By now, there are meerkats scattered in all directions and lively vocal contact is maintained between all the individuals. It’s hard to know where to look or which one to follow, but thankfully they seem completely unbothered by having us – heffalumps by comparison – lumbering amongst them.
Our presence also fails to prevent them from undertaking their guard duties. This is done with an air of intense seriousness, as they peer fixedly beyond the camera lens regardless of how close we come. Alarm calls are given several times and the response is immediate – youngsters are protected either by being straddled or surrounded, and at one stage everyone hightails it (literally, with tails pointing directly skyward) to the nearest underground entrance.
After several hours, it is with great reluctance that we leave this entertaining group. Our only consolation is having a return visit arranged for later that same afternoon. Midday in the Kalahari is too hot for anyone, including resident meerkats, and so “time out” is taken by all.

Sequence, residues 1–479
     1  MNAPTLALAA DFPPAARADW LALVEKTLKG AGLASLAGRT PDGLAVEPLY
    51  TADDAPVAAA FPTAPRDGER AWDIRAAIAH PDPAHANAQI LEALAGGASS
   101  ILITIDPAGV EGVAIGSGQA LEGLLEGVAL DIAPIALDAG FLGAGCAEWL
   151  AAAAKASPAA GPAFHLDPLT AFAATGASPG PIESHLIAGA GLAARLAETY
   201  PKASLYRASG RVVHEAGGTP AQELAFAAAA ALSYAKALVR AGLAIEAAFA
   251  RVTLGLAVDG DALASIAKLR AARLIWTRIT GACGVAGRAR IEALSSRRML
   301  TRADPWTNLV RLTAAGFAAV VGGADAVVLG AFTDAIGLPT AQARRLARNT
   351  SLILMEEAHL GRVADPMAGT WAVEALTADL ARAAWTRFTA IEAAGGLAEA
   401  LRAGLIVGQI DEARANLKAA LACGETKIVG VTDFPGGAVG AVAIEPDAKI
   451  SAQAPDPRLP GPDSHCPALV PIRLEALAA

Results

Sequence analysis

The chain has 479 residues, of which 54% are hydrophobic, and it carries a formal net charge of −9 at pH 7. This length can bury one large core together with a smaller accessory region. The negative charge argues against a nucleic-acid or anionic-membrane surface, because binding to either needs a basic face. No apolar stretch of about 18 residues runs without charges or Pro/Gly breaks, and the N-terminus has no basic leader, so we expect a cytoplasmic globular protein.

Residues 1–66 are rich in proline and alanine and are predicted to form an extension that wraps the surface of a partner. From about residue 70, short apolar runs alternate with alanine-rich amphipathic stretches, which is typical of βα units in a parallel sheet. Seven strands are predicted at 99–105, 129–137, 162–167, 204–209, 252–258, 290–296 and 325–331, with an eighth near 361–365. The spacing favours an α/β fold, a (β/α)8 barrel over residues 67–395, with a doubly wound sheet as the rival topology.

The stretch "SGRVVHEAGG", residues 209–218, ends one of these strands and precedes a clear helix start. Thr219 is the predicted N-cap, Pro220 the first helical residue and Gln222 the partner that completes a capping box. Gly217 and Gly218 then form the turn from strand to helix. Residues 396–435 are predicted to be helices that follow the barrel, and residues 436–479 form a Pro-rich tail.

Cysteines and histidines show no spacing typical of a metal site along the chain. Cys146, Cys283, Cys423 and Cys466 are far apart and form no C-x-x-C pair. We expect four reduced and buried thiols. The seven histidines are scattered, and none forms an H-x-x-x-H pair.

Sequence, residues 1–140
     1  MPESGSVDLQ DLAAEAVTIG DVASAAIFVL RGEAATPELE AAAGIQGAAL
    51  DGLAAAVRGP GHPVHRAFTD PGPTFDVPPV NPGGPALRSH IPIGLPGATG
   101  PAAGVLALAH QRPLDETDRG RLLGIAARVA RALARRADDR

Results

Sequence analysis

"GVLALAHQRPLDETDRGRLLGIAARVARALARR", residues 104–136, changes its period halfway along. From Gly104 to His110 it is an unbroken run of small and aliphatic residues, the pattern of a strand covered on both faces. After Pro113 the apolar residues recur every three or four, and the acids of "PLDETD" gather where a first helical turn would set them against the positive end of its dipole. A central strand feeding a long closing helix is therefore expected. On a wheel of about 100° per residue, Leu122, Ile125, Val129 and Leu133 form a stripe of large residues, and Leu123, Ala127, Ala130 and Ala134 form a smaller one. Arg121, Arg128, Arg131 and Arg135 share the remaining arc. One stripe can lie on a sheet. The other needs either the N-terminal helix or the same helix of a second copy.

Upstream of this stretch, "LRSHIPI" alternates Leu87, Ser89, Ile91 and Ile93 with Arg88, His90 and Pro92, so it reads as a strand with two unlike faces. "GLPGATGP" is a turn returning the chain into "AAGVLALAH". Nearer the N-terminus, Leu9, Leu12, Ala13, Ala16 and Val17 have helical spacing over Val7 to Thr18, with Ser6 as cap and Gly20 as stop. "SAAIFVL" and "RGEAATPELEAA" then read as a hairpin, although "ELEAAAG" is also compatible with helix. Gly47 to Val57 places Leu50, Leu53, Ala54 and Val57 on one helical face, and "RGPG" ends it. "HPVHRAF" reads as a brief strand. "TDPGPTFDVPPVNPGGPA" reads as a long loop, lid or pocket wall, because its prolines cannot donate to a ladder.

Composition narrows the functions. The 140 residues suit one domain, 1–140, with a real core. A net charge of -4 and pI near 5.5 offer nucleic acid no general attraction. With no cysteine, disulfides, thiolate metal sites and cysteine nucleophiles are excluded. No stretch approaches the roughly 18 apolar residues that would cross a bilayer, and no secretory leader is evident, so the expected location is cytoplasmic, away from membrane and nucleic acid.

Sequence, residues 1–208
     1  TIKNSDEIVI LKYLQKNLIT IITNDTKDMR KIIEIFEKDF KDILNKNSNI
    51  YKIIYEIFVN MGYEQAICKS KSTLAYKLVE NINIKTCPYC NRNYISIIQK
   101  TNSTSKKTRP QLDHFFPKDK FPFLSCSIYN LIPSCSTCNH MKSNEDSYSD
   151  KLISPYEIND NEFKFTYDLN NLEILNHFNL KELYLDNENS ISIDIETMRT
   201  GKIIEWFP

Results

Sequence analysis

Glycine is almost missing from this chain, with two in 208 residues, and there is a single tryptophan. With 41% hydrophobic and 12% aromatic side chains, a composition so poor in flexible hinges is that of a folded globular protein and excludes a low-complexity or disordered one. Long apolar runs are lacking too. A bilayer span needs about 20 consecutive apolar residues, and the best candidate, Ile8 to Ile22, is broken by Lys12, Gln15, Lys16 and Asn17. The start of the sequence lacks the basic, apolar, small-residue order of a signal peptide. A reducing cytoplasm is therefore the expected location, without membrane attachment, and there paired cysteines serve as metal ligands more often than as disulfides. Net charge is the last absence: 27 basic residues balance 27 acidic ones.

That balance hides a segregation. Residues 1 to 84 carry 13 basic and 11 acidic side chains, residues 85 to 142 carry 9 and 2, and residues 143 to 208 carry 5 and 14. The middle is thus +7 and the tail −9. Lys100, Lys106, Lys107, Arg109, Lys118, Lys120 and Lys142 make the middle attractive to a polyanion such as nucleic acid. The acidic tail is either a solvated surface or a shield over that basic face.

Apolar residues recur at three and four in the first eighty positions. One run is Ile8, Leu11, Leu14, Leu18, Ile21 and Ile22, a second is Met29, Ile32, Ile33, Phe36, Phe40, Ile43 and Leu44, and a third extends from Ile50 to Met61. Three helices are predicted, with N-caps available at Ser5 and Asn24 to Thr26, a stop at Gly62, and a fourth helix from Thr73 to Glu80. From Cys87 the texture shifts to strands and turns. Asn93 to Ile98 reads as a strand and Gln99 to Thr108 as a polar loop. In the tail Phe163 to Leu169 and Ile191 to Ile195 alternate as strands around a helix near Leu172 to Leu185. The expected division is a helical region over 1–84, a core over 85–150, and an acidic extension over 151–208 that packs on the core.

On our return, our guide is Seline from Istanbul, who takes us to spend time with the “Whiskers mob” – the real stars of Meerkat Manor. This group is smaller in number, has no youngsters and is consequently a quieter group; this, combined with the fact that it’s still too hot at 5.30pm for much activity, means we have to rely on modern stalking methods (i.e., radio signals) to locate them.